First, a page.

x Abu Dhabi, UAEFriday 28 July 2017

Kerry meets Abbas, Netanyahu in hopes of kick-starting peace talks

The meetings come days after the US quietly unblocked almost Dh1.83 billion in aid to the Palestinian Authority, which had been frozen by Congress for months.

The Palestinian president, Mahmoud Abbas, right, meets the US secretary of state John Kerry on Saturday in Amman. Thaer Ghanaim / GPO via Getty Images
The Palestinian president, Mahmoud Abbas, right, meets the US secretary of state John Kerry on Saturday in Amman. Thaer Ghanaim / GPO via Getty Images

AMMAN // The US secretary of state John Kerry met the Palestinian president in Amman yesterday before flying to Israel for talks with the Israeli prime minister as he seeks ways to revive long-stalled peace talks.

Mr Kerry's back-to-back meetings follow up on President Barack Obama's visits to Israel and the West Bank this week in which he called for fresh diplomatic efforts but offered no new peace proposals of his own.

Mr Obama promised that Kerry, Washington's new top diplomat, would dedicate time and energy to the Israeli-Palestinian problem, one in which the president failed to make progress during his first term. Mr Kerry accompanied Obama on his four-day Middle East trip.

A US State Department official said Mr Kerry would meet the Israeli premier, Benjamin Netanyahu, late last night after meeting Mahmoud Abbas in Jordan's capital "to continue the conversations they started with President Obama and the secretary earlier this week".

The meetings came days after the US quietly unblocked almost $500 million (Dh1.83bn) in aid to Mr Abbas's Palestinian Authority, which had been frozen by Congress for months, a top US official said.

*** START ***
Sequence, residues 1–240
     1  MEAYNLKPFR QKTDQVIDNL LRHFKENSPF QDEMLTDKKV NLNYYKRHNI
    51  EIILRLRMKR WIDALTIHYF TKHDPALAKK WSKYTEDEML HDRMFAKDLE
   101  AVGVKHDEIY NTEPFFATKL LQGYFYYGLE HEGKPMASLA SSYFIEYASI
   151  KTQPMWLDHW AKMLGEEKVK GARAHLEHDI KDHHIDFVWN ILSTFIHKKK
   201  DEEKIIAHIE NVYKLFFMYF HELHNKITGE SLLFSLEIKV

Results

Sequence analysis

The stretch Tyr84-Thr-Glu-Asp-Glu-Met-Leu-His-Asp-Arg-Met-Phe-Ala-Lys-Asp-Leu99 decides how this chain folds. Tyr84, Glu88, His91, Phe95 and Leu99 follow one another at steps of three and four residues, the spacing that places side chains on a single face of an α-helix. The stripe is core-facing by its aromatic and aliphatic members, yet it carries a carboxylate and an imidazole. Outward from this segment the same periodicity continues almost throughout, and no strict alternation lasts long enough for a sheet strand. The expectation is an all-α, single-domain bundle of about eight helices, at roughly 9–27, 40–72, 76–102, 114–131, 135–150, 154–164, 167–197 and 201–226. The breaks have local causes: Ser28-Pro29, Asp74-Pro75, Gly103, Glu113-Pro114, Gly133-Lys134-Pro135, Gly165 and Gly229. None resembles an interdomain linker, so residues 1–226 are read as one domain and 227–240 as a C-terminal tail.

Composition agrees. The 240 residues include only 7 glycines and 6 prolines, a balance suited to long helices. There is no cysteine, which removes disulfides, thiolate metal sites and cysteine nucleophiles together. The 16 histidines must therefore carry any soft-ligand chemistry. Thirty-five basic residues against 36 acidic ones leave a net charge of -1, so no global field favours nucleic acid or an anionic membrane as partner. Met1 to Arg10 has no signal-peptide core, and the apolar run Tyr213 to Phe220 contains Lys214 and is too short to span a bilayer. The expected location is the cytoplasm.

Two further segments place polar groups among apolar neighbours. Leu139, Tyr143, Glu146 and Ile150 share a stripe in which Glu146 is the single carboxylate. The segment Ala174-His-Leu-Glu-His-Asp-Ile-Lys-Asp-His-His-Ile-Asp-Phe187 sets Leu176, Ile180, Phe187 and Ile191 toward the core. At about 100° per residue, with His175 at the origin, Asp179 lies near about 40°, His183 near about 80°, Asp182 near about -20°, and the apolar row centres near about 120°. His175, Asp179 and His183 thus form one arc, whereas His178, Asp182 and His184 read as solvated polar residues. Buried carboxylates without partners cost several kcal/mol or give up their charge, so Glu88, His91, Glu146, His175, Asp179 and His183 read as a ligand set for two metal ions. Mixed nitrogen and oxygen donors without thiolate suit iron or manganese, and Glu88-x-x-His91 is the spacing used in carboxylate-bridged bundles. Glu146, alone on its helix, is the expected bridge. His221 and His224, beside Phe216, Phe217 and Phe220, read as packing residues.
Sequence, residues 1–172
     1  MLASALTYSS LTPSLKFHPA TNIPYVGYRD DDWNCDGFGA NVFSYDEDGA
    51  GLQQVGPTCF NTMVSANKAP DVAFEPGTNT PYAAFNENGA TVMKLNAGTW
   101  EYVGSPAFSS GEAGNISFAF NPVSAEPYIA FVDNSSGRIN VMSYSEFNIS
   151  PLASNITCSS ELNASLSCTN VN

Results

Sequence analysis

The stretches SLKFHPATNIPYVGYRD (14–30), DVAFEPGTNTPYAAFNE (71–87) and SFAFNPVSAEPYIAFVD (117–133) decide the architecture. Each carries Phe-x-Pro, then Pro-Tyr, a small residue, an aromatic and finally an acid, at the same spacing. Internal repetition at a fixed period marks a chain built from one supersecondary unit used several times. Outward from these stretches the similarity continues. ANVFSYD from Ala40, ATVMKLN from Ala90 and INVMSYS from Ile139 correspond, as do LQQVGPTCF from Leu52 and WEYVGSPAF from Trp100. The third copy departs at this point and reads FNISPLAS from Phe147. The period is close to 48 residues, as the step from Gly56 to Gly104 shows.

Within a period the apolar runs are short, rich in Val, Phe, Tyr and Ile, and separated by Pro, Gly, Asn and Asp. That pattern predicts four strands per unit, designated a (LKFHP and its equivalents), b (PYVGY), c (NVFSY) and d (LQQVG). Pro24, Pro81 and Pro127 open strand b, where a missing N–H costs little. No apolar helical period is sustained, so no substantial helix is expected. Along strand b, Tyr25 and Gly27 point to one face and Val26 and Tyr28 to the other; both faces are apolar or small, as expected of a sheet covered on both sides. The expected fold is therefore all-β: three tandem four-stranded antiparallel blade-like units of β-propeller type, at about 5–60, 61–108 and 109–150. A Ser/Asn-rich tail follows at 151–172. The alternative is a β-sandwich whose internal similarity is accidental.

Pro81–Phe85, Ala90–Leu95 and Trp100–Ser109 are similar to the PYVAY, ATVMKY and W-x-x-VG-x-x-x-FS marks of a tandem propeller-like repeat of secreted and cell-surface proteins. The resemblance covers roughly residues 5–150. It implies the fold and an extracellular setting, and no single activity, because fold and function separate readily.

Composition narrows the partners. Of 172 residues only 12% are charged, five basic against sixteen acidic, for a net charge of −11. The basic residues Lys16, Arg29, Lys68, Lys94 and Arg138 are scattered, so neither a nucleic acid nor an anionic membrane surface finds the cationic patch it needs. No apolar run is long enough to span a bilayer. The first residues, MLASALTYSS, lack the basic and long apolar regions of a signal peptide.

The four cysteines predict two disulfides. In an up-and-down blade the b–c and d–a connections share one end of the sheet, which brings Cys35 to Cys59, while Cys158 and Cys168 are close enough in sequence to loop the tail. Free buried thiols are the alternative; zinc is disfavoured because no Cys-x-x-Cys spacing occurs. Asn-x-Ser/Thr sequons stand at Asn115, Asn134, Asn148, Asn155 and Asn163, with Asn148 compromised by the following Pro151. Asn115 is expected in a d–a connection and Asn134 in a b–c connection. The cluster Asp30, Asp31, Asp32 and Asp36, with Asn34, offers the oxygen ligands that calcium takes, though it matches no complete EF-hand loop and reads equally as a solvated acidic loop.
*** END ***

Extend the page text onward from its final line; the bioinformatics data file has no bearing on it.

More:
"To date, we have moved $295.7 million in fiscal year 2012 money ... and $200 million in fiscal year 2013 assistance," the State Department spokeswoman Victoria Nuland told reporters on Friday.

The Obama administration also notified Congress in late February that it was seeking a further $200m to fund US Agency for International Development (USAid) programmes for the Palestinians, she said.

The first sum comprises some $195.7m, allocated under the 2012 fiscal year budget for USAid economic, development and humanitarian assistance, as well as a further $100m earmarked specifically for narcotics control.

The second sum of $200m unblocked and available to the Palestinian Authority will come under the 2013 budget and be spent for direct budget support.

The PA is facing its worst economic crisis in years, in part because of a failure by donors to deliver pledged funds. But its finances were plunged further into chaos after Mr Abbas won upgraded UN observer status at the UN General Assembly in late November.

Congress froze the US administration's requests for funds, and Israel, which also strongly opposed the move, said it was suspending monthly transfers of the tax and tariff revenue it collects on behalf of the PA after the decision.

It did, however, transfer $100m in a one-off payment in late January.

* With additional reporting by Agence France-Presse